Neglect contributed to death of epileptic man restrained by police in Haywards Heath

Duncan Tomlin died in police custody, his inquest has heard
Duncan Tomlin died in police custody, his inquest has heard

The death of an epileptic man who was pinned down by police officers was contributed to by neglect, a jury has found.

Duncan Tomlin was 32 when he died after being arrested by officers in Haywards Heath in July 2014.

The inquest has been taking place at Centenary house in Crawley

The inquest has been taking place at Centenary house in Crawley

A jury has concluded that Mr Tomlin died from cardiorespiratory failure as a result of being restrained face down and being under the influence of a combination of drugs.

The jury decided that his death was contributed to by neglect, according to the INQUEST organisation.

Duncan Tomlin's father: Neglect is 'damning assessment' of police

An inquest into what happened to Mr Tomlin has been taking place at Centenary House in Crawley over the past several weeks.

Following the verdict, Mr Tomlin's father Paul Tomlin said: "As a family we feel the finding of neglect by the jury is a damning assessment of the police’s behaviour.

Coming into the inquest we had real concerns about information sharing, the need to move Duncan onto his side from the prone position, the use of handcuffs, limb restraints, and incapacitant spray, as well as the training that the officers had received in relation to positional asphyxia."

Police offer 'deepest sympathies' and vow to consider coroner's report

Assistant Chief Constable Nick May said: "I offer my deepest sympathies and heartfelt respect to the family of Mr Tomlin following his tragic death.

“All of our officers join the police service to protect the public and save life and it is of deep regret when anyone comes to harm.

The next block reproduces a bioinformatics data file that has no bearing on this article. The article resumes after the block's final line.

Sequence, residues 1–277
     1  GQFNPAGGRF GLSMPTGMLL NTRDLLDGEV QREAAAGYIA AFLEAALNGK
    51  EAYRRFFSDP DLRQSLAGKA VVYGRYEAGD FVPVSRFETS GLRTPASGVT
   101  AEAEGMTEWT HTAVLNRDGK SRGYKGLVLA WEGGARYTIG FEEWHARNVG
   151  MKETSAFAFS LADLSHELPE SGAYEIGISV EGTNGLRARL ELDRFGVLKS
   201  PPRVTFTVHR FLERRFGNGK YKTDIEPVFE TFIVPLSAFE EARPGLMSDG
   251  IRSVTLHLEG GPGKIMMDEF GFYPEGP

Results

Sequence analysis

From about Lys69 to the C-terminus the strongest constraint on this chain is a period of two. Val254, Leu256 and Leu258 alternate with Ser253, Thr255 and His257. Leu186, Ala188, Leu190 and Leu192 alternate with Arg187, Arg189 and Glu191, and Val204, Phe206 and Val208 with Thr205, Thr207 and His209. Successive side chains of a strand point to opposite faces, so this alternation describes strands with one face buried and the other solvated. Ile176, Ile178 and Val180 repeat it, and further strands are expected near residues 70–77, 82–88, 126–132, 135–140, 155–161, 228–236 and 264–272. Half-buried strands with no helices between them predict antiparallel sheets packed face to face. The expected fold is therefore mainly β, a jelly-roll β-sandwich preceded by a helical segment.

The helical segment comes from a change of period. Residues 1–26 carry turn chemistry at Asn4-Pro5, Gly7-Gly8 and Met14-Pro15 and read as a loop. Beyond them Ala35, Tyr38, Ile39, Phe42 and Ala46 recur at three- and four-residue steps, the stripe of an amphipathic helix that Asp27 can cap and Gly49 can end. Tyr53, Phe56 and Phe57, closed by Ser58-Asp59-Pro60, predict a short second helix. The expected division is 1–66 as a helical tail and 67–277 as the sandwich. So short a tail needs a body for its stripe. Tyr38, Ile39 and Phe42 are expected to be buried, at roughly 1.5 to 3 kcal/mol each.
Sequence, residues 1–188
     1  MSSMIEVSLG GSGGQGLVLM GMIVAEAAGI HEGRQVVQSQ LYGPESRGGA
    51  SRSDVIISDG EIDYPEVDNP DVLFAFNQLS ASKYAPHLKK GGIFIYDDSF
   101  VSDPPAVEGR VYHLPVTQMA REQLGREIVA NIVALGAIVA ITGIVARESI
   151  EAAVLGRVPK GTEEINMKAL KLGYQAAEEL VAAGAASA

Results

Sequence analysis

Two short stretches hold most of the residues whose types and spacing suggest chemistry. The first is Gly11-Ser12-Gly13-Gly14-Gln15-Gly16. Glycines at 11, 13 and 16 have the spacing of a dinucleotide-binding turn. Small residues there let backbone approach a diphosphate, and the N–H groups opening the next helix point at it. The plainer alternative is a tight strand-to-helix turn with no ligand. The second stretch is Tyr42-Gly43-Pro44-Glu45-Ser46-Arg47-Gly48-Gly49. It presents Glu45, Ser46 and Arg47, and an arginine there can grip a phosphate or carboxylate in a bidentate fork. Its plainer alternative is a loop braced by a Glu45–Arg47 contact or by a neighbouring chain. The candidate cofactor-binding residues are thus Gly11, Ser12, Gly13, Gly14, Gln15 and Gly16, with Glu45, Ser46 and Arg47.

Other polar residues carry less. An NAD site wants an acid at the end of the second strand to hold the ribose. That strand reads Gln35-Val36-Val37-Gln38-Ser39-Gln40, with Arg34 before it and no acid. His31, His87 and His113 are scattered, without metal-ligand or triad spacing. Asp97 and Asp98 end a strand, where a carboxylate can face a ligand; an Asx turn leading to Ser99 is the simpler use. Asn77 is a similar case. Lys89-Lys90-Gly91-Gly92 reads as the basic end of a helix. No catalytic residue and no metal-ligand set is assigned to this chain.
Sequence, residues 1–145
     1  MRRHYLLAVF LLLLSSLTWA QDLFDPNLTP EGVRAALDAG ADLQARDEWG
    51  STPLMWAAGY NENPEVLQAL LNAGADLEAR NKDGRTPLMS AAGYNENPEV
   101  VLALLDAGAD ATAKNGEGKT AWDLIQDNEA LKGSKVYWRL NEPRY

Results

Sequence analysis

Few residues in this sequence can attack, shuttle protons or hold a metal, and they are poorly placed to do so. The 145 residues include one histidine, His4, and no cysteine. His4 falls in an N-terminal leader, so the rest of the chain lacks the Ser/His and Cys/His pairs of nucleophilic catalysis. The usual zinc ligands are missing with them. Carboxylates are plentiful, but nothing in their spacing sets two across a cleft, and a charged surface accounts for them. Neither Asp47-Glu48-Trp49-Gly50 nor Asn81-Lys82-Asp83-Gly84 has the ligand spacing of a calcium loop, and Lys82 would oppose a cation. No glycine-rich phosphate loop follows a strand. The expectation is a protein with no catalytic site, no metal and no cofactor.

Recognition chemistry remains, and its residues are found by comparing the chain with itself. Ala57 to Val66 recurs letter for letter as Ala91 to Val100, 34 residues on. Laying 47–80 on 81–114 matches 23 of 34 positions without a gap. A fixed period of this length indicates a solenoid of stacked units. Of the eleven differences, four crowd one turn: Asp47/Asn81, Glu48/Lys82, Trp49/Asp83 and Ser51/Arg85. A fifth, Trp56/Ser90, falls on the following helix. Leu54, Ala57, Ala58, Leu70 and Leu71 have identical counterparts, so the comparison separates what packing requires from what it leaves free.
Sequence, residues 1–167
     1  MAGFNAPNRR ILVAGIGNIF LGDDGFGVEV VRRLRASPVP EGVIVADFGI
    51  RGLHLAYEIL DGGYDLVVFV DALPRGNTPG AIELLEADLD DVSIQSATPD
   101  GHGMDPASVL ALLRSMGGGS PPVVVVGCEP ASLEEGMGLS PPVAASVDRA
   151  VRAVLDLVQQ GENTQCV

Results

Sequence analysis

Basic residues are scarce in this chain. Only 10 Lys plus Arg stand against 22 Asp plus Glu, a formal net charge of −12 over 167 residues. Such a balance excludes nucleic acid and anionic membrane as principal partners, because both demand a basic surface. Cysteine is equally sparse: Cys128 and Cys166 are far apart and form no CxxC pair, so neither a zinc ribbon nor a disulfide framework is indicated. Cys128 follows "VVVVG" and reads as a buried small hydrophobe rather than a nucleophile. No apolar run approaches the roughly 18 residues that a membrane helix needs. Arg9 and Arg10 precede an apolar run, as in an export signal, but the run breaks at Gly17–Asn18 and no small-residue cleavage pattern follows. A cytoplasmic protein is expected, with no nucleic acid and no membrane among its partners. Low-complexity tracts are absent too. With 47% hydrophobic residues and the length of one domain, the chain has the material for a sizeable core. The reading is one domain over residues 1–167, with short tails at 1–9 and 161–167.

“We accept the inquest's narrative verdict and will now thoroughly consider the coroner’s report and any recommendations within it.

"All of our operational staff are trained to recognise the signs of positional asphyxia in line with the national College of Policing syllabus. This training which, since Mr Tomlin’s death, is now offered centrally for consistency is reviewed and refreshed on an annual basis. "

Weeks of inquest evidence

Over the course of the inquest assistant coroner Elizabeth Bussey-Jones heard how police initially were responding to a 999 call about a domestic disturbance when they encountered Mr Tomlin.

PC Watson – the first officer involved in the restraining of Mr Tomlin – told the inquest how Mr Tomlin punched him in the face.

After that he and others restrained him face down and later moved him into a police van, the inquest heard.

What did the jury find?

After weeks of hearings the jury reached its verdict today.

According to the INQUEST organisation, the jury concluded that Mr Tomlin's death was contributed to by neglect:

- There was no clear continuity of the sharing of information relating to the risk assessment of Mr Tomlin’s care as different police officers exchanged positions within the restraint.

- There was an insufficient sense of urgency to move Mr Tomlin onto his side to address the risks of positional asphyxia from prone restraint coupled with the use of handcuffs, limb restraints, the effects of Captor (also known as pepper) spray and the suspicion that Mr Tomlin had taken stimulant drugs. Mr Tomlin should have been moved onto his side earlier.

- Although the police receive training in Positional Asphyxia and the available policies extensively cover it, the efficacy of this training is inadequate.

To reach a neglect conclusion, the jury much be satisfied that there is a gross failure: a) To provide or procure basic medical attention, b) For someone in a dependent position who cannot provide for himself, in this case due to incarceration, c) Whose condition or need is known or should be known to those providing care, and d) The failure(s) had a direct and clear causal connection with the death, which means the failure(s) contributed in a more than minimal, negligible or trivial way to the death.